camcarlson

miscellaneous commentary

Movie seen 12/26/10 – 1/9/11

with one comment

Thoughts on “Black Swan” — it’s a very good movie, one that stayed in my thoughts days after I saw it. The kind of creepy horror/suspense movie shown in drive-ins during the 1970s. Jim Emerson accurately compared it to a Roman Polanski thriller (I’ll write more about Polanski later this week).

Natalie Portman did a good job showing a woman straining under the intense pressure to achieve perfection (and make that perfection appear effortless), finally succumbing to her dark side in the final fantastic minutes of the film.

The camera shots that followed directly behind Portman while she walked around were similar to other Aronofsky films such as “Pi” and “The Wrestler”. The ending was also similar to “The Wrestler”, lots of cheering and name-chanting.

The old lecherous guy on the subway is Stanley Herman, who also appears in “Pi” as a man on the subway in a suit, though in “Pi” he simply signs, whereas in “Black Swan” he wags his tongue and jiggles his naughty bits. And Vincent Cassel reminded me a bit of Mark Margolis, Sol from “Pi”.

Thoughts on “True Grit” — a great movie, and one of the better films I saw in 2010. It’s been many years since I’ve seen the 1969 original with John Wayne, so I can’t make any snap comparisons, but I remember thinking Wayne’s Rooster Cogburn was pretty much just a caricature of most cowboys Wayne portrayed in his career, whereas Jeff Bridges’ Cogburn was a drunk and a scoundrel and a dangerous man with a gun.

Hailee Steinfeld, as Mattie Ross, steals every scene she’s in, and deserves an Academy Award for her role. Barry Pepper was creepy as Ned Pepper, and the way he spoke during the famous charge scene near the end sounded as though he were channeling Robert Duvall, who played the character in the original.

The best scenes were Mattie bargaining with the horse trader in town near the beginning, along with Rooster proving his marksmanship while drunk on the trail. The dialogue in most scenes was quick and witty, on par with most of the Coen Brothers’ film.

I remember Mattie being bitten by the snake in the original, but I don’t remember the snake being hidden inside the empty chest cavity of a corpse, as happened in this version… no matter, it was an effective, creepy touch that only further highlighted the danger Mattie was in after she fell into the cave.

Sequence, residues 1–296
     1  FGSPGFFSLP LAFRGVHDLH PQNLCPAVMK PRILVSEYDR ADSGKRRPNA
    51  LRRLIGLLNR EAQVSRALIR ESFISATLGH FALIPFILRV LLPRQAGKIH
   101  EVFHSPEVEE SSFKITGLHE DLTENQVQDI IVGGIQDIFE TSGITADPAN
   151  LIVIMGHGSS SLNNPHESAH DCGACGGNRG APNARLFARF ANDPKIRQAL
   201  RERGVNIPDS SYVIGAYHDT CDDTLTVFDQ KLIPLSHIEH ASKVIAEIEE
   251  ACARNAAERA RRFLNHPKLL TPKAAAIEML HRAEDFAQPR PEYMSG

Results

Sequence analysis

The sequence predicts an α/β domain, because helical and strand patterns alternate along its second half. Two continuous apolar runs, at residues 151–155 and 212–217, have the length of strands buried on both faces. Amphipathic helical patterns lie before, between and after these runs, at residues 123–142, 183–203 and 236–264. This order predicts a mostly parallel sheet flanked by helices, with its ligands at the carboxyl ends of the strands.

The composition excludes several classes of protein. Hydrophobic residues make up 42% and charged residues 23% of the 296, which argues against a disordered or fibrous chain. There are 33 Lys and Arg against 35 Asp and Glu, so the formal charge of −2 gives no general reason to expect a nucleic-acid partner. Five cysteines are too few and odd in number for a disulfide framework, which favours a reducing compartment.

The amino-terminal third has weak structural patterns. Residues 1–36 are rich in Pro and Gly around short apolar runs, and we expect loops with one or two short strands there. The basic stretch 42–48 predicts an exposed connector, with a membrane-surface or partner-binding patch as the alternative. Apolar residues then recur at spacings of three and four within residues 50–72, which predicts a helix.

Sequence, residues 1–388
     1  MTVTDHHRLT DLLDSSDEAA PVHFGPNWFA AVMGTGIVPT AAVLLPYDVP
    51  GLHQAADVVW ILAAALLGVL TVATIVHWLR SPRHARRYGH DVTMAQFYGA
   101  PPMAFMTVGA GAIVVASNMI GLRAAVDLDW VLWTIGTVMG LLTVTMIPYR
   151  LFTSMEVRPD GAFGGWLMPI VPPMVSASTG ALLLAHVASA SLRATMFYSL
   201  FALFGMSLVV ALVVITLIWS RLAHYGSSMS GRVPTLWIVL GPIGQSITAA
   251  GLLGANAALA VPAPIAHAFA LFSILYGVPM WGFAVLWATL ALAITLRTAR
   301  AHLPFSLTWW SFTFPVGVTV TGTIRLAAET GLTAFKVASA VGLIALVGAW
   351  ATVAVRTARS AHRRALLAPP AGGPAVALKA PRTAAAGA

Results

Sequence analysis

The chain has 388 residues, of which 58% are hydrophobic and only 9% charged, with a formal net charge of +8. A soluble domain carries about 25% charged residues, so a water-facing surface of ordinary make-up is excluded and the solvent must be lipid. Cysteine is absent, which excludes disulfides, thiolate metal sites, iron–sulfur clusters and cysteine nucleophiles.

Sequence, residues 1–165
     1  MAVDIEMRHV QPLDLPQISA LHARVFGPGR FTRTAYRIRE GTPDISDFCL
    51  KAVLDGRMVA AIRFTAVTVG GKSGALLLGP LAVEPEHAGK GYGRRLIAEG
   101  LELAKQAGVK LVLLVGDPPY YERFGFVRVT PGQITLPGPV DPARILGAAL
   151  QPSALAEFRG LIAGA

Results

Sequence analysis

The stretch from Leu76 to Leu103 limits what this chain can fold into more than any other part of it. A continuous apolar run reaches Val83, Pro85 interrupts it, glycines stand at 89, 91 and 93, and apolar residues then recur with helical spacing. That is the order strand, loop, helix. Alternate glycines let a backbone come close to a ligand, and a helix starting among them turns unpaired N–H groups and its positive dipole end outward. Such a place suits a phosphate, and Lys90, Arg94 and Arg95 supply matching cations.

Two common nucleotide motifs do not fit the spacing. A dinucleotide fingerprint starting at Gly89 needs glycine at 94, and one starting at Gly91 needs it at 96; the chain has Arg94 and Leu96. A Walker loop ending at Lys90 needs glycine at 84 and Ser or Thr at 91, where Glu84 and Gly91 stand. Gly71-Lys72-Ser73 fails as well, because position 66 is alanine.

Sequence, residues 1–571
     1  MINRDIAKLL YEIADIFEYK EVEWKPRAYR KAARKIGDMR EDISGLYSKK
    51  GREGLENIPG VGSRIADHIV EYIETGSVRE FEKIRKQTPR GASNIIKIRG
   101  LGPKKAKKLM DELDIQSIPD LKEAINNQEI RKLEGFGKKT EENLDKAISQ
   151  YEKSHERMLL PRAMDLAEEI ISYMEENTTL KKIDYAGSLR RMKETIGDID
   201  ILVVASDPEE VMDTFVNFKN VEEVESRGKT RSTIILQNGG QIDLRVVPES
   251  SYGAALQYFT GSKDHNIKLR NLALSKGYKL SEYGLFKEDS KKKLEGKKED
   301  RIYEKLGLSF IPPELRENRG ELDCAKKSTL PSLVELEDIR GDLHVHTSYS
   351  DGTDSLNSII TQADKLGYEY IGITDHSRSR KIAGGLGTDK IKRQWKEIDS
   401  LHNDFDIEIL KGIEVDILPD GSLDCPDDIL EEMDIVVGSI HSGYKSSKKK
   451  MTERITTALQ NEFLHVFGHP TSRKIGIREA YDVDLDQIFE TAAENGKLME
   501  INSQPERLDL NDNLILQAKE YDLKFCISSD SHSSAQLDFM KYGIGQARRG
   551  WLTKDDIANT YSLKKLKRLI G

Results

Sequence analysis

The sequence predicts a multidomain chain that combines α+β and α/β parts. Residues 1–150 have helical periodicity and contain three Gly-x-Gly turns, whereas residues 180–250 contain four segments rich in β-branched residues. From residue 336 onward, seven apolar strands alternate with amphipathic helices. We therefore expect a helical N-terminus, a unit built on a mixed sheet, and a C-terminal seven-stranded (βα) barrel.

In the first nine days of 2011 I’ve seen “Force of Evil”, “The Secret of Kells”, “Wall-E”*, “Signs”*, “Sin City”*, “From Beyond”, “Pitch Black”*, “A.I. Artificial Intelligence”*, “A Clockwork Orange”*, “Robin & Marion”, “Shakes the Clown”, “The Uninvited”, “Withnail & I”, “The Man with the Golden Arm”, “California Split”, “Eyes of Laura Mars”, “Gumshoe”, “The Town”, “Machete” and am currently watching “Monty Python and the Holy Grail”*. I’d say I’ve kept myself fairly busy with movies these past two weeks, more so than I have in the final few months of 2010.

Of the films I saw for the first time over the past nine days, the ones I recommend are “Force of Evil”, “Robin and Marion”, “Gumshoe” and “The Town”, that one being an entertaining cross between “Heat” and “The Departed”. I absolutely loved “Withnail & I” and will re-watch it soon before writing about it in detail.

The stinker of the bunch is “The Uninvited”, an American remake of an Asian horror film, bloated with tired cliches and ripping off the ending of “The Sixth Sense” without any reward. “Machete” was trash, but at least it was fun trash.

[*film I have on DVD, which should automatically imply recommendation]

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Written by camcarlson

January 9, 2011 at 11:47 PM

Posted in Cinema

One Response

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    June 21, 2013 at 4:46 PM


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